Aussie Mac Zone ~ Episode 391

Show 391 – Aug 23, 2021

Run Sheet ~ Zarn & Michael                    


Our Aussie Apple Ramblings 

Story 1 ~  

MS iCloud for Windows updated with new password manager app

9TO5Mac reports ~ Apple has updated its iCloud app for Windows users, finally bringing a new password manager app.

This new password manager app is available with this update and allows users to access and manage their iCloud passwords on their Windows computers. They can add, edit, copy and paste, delete, or look up any usernames or passwords saved to their iCloud Keychain.

View and manage your saved passwords on your Windows PC with the new iCloud Passwords app

Sync your passwords across devices and PC in Edge using the iCloud Passwords Extension

With the app, users can keep their photos up to date across all devices, including their PCs. They can also create Shared Albums and invite others to add their own photos, videos, and comments.

To install iCloud for Windows, users need Windows 10 version 18362.145 or higher, and Windows 10 version 18362.145 or higher.

Overall, iCloud for Windows includes:

      • iCloud Photos
      • iCloud Drive
      • iCloud Passwords
      • iCloud Mail, Contacts, Calendars, and Bookmarks

Although it’s in version 12.5, the iCloud for Windows app has only been available for three years on the Microsoft App Store. At that time, Apple wrote:

The new iCloud for Windows app introduces a new iCloud Drive experience for Windows 10 users powered by the same Windows technology that also powers OneDrive’s Files On-Demand feature, enabling users to be more productive offline on mobile devices and quickly share files on iOS.

Download iCloud for Windows via the Microsoft Store for free.



Story 2 ~

ZK Apple debuts ‘Play, Pause, Delete’ game show on YouTube, first episode with Coi Leray.

9TO5Mac again ~ Apple has launched a fun new game show series on its YouTube channel today called “Play, Pause, Delete.” It features popular artists sharing about themselves when it comes to their perspective on music, culture, and “everything in between.” The first episode is with rapper Coi Leray.

Here’s how Apple describes the new micro game show:

This is Play, Pause, Delete. A game show where we ask your favourite artists to make the tough decisions about music, culture, and everything in between. The rules are simple: We’ll give them three options from a series of personalised categories and watch as they select one to play, one to pause on, and one to delete.

The first episode with rapper Coi Leray aka Big Trend Setter is about 6 minutes long and covers everything from what music she’s listening to, thoughts on birthday gifts, favorite venues, superpowers, and more.


the video


Story 3 ~

MS Why Tim Cook thinks Australia is a perfect tech breeding ground

Australian Financial Review reports ~ Having reinvented personal computers, tablets and phones, Apple has arguably done more than any other company to shape the present. Its CEO is now trying to reframe how you engage with the internet. From AFR’s Platinum 70 Magazine out on Friday, August 20.

Having reinvented personal computers, tablets and phones, Apple has arguably done more than any other company to shape the present. Its CEO is now trying to reframe how you engage with the internet. From our Platinum 70 Magazine out on Friday, August 20.

When Tim Cook took over as CEO of Apple, almost exactly 10 years to this very day, it was akin to following on from Jesus Christ.

The iPhone, unveiled in 2008 by Cook’s predecessor, Steve Jobs, had been dubbed the “Jesus phone” due to the religious-like fervour it stirred up in fans. And the saviour moniker rubbed off onto the boss. Upon the release of the iPad in 2010, The Economist depicted Jobs as Christ on its cover. More direct story if you have a subscription.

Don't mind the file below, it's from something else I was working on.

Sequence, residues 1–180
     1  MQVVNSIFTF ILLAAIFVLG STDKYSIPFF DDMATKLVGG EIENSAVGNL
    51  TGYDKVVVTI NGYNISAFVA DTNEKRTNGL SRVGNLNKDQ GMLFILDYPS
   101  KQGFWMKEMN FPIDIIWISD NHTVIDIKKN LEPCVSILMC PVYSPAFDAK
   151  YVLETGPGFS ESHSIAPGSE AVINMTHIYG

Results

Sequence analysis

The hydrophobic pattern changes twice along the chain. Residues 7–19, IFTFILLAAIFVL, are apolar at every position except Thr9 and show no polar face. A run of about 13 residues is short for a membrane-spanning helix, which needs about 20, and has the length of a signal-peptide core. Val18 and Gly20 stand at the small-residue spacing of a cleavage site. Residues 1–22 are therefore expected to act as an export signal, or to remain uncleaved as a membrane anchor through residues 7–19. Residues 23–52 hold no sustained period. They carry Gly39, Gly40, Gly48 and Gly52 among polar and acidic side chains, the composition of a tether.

Now 9TO5Mac quotes from the article

Tim Cook’s 4 a.m. starts are the stuff of legend. A new interview with Apple’s CEO opens with his explanation of why he’s at his desk by this time.

Cook says 4 a.m. is the one time of the day when he’s in control.

I do that because I can control the morning better than the evening and through the day. Things happen through the day that kind of blow you off course. The morning is yours. Or should I say, the early morning is yours.

He then gives the usual spiel about using a chunk of this time to read hundreds of customer emails.

“I cannot read all of them, no. I’d not admit to doing that. But I read an extraordinary number of them. It keeps my hands on the pulse of what customers are feeling and thinking and doing.”

He forwards them around the company, to whichever team he thinks needs the feedback. It’s a randomised way of keeping in touch with the various corners of the Apple empire.

He’s a great believer in augmented reality. Tech can be used for good or bad. Apple makes tech designed to enrich people’s lives. The company thinks very carefully about everything it does. Apple is driven by its values. Privacy is a human right. He welcomes competition. Apple only has customer interests at heart in things like App Store control. Apple has enabled $600 billion worth of revenue for developers.

Another thing now becoming a standard part of a Cook interview is that it’s right that Apple’s actions should come under regulatory scrutiny, but the company doesn’t think it’s doing anything wrong.

The technology industry has become such a big piece of the economy, it’s natural that it would be looked at.  Any kind of regulation should be justified by being great for the user. Regulation needs to improve someone’s life. Just like an invention or a technology needs to improve someone’s life.

Cook said that taking over from Jobs wasn’t his greatest challenge: the pandemic was.

A huge challenge is losing total control. And so all of a sudden you know that you’re no longer in control over your destiny, that this pandemic had a strange way of shaking us all and reminding us that we are not the ones deciding.


9TO5 Mac article in full


G#1 ~ ZK




G#2 ~ ZK 




#1 ~ MS

We just discussed what we have been watching


Story 4 ~

ZK Handcuffed woman uses Apple Watch to summon help during a home invasion

iMore reports ~ Apple Watch to the rescue once more.

We’ve heard tons of stories about Apple Watches saving lives, but they usually involve the wearable’s health-related features. This time an Apple Watch helped a handcuffed woman contact her mum while a home invader rummaged through her belongings.